Who Was England’s Greatest Prime Minister?
The question is admittedly a little misleading, since there’s only going to be a choice of two here:
Pitt the Elder versus Lord Palmerston.
First a bit of background, even if it’s known what’s coming.
Pitt the Elder
William Pitt the Elder, 1st Earl of Chatham, also known as “the Great Commoner” was described as an aloof individual and a commanding speaker. Although only holding the office of Prime Minister for two years (1766-68), his political career was both far longer and more contentious. Mainly in part due to the wars over the period, tensions with the British colonies including America, and divergent views between the people and the monarchy at the time. He also gave the world the following quote:
“Unlimited power is apt to corrupt the minds of those who possess it.”
Variants of which are still used today (though the concept of the quote is not exclusively Pitt the Elder’s). Amongst other places, Pitt the Elder has even managed to make it into that parched land of the driest British wit, Blackadder.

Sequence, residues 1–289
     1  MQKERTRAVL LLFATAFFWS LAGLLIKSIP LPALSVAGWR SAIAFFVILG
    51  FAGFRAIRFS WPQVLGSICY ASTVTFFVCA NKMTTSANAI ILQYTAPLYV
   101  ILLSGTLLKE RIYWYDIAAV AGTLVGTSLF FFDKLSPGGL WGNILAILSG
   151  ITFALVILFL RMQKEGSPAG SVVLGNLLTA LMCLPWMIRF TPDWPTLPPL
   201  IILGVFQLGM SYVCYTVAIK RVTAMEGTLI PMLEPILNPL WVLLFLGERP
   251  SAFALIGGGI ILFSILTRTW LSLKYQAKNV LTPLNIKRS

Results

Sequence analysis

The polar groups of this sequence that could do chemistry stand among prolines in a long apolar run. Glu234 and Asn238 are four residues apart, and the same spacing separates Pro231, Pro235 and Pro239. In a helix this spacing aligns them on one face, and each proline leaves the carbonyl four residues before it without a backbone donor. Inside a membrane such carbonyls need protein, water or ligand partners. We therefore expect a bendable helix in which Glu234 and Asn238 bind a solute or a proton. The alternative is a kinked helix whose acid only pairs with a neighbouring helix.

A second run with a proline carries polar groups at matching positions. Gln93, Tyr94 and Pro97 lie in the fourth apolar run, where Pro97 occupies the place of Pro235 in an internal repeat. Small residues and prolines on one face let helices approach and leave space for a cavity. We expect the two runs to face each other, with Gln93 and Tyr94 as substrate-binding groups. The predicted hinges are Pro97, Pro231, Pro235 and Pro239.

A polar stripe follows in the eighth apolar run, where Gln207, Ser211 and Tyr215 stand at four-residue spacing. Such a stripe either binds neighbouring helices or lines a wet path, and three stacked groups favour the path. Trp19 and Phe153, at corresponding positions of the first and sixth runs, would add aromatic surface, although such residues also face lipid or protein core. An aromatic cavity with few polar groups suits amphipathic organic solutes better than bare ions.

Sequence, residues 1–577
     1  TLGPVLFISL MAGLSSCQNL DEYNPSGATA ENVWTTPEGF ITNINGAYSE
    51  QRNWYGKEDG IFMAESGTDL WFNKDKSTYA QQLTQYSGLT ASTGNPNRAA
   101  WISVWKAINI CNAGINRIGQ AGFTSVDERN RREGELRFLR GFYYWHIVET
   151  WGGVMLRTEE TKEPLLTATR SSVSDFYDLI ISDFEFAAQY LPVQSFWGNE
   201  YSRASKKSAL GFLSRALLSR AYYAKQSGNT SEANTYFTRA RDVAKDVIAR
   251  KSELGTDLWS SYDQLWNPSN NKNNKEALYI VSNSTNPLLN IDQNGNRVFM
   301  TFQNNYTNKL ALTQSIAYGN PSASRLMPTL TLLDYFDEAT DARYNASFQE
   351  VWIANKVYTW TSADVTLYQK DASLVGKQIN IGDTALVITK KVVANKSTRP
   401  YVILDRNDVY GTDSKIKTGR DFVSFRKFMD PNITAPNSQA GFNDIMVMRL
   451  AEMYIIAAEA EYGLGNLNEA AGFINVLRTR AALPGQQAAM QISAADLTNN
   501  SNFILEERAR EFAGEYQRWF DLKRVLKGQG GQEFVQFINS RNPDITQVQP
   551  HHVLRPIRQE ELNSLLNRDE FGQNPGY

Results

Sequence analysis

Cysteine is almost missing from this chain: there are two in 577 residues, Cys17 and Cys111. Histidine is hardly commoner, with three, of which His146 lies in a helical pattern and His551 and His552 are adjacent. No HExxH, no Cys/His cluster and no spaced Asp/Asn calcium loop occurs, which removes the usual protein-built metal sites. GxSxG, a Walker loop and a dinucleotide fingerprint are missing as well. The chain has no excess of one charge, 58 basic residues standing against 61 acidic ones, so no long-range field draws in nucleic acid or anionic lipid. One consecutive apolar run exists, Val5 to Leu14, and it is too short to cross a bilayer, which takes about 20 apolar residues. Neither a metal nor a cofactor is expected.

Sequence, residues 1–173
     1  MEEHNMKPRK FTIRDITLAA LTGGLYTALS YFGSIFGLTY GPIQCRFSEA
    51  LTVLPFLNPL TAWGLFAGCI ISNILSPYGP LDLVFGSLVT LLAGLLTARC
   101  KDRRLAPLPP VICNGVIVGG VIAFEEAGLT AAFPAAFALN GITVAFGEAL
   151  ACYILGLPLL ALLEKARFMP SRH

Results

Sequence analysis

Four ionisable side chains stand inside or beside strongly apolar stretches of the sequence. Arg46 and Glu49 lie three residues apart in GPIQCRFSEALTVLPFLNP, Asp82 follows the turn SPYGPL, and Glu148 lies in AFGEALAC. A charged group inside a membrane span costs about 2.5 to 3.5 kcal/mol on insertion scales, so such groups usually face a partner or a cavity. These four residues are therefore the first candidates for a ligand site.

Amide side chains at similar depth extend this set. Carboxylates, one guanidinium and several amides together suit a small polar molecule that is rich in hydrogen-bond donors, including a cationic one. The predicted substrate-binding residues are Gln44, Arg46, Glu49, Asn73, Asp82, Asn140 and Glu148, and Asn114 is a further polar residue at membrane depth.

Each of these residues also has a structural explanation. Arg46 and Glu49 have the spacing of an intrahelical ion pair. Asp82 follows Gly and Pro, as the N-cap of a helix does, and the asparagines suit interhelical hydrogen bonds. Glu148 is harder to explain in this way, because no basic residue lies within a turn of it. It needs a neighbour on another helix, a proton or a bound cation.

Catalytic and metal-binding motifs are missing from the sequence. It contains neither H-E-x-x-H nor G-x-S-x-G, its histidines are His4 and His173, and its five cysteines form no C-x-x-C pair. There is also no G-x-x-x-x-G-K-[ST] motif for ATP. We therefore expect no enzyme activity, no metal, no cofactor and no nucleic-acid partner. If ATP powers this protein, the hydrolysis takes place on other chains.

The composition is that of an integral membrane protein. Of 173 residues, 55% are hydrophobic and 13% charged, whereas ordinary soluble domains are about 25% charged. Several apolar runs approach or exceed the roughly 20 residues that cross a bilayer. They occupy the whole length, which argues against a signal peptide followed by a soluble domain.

Henry John Temple, 3rd Viscount Palmerston, similarly also found his political fortunes tempered amongst the fires of war. Nearly five decades were spent in ministerial service of one form or another. British witticism of the times dubbed him “Lord Pumicestone” for his abrasive nature. How well he floated is unknown. At the age of 71 he first became Prime Minister, serving two terms in office (1855-58 and 1859-65). His following quote remains as wise today as it was then:
“The function of government is to calm, rather than to excite agitation.”
Sage advice into the beyond even. Perhaps not to be outdone by any comedy associated with Pitt the Elder, Lord Palmerston’s own last words were supposedly: “Die, my dear doctor, that is the last thing I shall do.”
Like a Plot Twist on a Straight Road
Ultimately all of the background information may not matter too much. Especially if politics and history are about as exciting to you as a brown paper bag. But it’s what’s on the inside that counts.
As an obvious ruse to see through, for most this is probably just an excuse to recall a classic clip from The Simpsons.
Barney had an opinion on it. Boggs may have asked for it. But can you answer it?